The psychological restorative effects of exposure to nature are well established and extend to just viewing of images of nature. A previous study has shown that Perceived Naturalness (PN) of images correlates with their restorative value. This study tests whether it is possible to detect degree of PN of images using an image classifier. It takes images that have been scored by humans for PN (including a subset that have been assessed for restorative value) and passes them through the Google Vision API image classification service. The resulting labels are assigned to broad semantic classes to create a Calculated Semantic Naturalness (CSN) metric for each image. It was found that CSN correlates with PN. CSN was then calculated for a geospatial sampling of Google Street View images across the city of Edinburgh. CSN was found to correlate with PN in this sample also indicating the technique may be useful in large scale studies. Because CSN correlates with PN which correlates with restorativeness it is suggested that CSN or a similar measure may be useful in automatically detecting restorative images and locations. In an exploratory aside CSN was not found to correlate with an indicator of socioeconomic deprivation.
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http://journals.plos.org/plosone/article?id=10.1371/journal.pone.0169357PLOS
http://www.ncbi.nlm.nih.gov/pmc/articles/PMC5215492PMC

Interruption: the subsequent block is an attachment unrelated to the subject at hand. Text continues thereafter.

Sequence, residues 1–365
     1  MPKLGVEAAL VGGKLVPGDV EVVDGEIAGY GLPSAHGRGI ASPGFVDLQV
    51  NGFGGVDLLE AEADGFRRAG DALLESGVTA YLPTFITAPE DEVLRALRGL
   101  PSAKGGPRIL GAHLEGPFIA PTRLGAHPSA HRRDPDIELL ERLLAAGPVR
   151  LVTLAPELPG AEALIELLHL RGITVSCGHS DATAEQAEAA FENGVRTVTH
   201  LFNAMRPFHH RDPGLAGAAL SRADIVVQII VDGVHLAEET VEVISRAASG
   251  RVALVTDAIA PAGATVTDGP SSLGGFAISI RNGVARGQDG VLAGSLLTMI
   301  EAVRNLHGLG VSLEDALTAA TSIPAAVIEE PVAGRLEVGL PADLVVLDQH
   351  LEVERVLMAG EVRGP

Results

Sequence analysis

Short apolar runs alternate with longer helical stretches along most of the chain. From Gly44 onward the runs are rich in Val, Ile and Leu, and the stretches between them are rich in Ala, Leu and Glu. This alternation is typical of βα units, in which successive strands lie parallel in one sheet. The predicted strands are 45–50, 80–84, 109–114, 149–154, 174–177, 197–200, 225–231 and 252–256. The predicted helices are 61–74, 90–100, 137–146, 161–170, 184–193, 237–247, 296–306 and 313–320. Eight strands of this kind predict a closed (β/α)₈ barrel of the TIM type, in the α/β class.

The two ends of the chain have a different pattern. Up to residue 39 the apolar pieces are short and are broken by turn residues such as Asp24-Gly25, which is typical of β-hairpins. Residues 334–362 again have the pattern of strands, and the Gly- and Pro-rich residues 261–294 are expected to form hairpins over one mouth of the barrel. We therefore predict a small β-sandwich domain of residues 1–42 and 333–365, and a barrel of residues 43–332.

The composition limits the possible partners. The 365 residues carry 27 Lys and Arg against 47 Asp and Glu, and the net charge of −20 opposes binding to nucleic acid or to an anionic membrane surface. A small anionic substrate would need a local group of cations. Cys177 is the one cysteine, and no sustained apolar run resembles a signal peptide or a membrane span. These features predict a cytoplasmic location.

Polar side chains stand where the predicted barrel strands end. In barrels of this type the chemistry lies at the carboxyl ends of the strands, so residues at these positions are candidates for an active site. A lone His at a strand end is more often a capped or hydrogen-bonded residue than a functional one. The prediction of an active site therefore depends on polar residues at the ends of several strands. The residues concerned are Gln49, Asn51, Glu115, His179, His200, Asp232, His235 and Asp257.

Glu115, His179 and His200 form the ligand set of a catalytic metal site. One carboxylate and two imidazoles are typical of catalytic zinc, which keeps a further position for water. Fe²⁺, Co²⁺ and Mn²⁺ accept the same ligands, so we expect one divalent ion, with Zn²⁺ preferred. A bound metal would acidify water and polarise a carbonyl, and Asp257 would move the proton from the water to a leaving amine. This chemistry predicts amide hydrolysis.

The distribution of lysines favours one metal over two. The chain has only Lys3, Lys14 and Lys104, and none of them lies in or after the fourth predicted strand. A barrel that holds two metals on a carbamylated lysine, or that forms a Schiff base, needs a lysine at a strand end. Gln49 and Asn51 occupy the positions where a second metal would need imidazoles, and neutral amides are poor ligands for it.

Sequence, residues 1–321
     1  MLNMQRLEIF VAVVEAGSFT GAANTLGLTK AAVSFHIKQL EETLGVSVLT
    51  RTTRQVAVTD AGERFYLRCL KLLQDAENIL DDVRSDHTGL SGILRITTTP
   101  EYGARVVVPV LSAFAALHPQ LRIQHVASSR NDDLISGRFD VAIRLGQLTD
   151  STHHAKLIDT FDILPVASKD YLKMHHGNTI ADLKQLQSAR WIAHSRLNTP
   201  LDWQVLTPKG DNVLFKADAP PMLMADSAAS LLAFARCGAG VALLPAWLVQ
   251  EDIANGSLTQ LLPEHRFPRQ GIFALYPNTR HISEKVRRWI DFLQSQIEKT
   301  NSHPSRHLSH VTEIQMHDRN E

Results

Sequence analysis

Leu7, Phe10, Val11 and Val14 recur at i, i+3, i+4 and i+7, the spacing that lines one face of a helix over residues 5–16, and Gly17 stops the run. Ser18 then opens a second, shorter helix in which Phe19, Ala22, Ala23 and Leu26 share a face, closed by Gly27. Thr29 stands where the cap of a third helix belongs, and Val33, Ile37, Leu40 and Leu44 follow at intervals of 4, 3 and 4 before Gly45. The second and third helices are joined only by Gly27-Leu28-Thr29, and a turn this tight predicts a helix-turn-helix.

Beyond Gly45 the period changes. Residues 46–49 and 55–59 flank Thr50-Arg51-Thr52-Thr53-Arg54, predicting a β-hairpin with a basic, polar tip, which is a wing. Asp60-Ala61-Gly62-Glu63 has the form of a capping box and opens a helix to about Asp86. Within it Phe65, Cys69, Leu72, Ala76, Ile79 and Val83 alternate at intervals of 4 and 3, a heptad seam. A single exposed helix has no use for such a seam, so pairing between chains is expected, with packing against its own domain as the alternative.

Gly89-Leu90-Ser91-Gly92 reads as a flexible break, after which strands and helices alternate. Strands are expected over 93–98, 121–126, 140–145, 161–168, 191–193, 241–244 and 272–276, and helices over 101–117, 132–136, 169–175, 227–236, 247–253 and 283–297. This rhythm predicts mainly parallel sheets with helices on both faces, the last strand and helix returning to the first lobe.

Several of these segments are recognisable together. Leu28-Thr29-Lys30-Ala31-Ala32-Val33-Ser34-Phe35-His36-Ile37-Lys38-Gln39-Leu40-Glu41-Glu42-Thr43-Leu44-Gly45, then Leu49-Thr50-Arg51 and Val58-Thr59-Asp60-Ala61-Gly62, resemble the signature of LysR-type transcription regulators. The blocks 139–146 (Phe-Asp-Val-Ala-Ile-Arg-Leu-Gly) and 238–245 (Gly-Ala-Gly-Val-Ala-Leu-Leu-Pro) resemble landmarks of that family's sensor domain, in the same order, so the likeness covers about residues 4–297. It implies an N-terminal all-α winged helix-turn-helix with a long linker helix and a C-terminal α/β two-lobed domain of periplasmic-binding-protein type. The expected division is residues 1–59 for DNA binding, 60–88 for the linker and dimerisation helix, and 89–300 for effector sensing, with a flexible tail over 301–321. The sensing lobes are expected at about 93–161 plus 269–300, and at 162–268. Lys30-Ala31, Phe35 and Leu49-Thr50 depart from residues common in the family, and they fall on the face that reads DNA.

August 2017

PESI - a taxonomic backbone for Europe.

Biodivers Data J 2015 28(3):e5848. Epub 2015 Sep 28.

Muséum national d'Histoire naturelle, Département Systématique & Evolution, UMR 7205 MNHN-CNRS-UPMC-EPHE, (ISyEB), Paris, France.

Background: Reliable taxonomy underpins communication in all of biology, not least nature conservation and sustainable use of ecosystem resources. The flexibility of taxonomic interpretations, however, presents a serious challenge for end-users of taxonomic concepts. Users need standardised and continuously harmonised taxonomic reference systems, as well as high-quality and complete taxonomic data sets, but these are generally lacking for non-specialists. The solution is in dynamic, expertly curated web-based taxonomic tools. The Pan-European Species-directories Infrastructure (PESI) worked to solve this key issue by providing a taxonomic e-infrastructure for Europe. It strengthened the relevant social (expertise) and information (standards, data and technical) capacities of five major community networks on taxonomic indexing in Europe, which is essential for proper biodiversity assessment and monitoring activities. The key objectives of PESI were: 1) standardisation in taxonomic reference systems, 2) enhancement of the quality and completeness of taxonomic data sets and 3) creation of integrated access to taxonomic information.

New Information: This paper describes the results of PESI and its future prospects, including the involvement in major European biodiversity informatics initiatives and programs.
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http://dx.doi.org/10.3897/BDJ.3.e5848DOI Listing
http://www.ncbi.nlm.nih.gov/pmc/articles/PMC4609752PMC
October 2015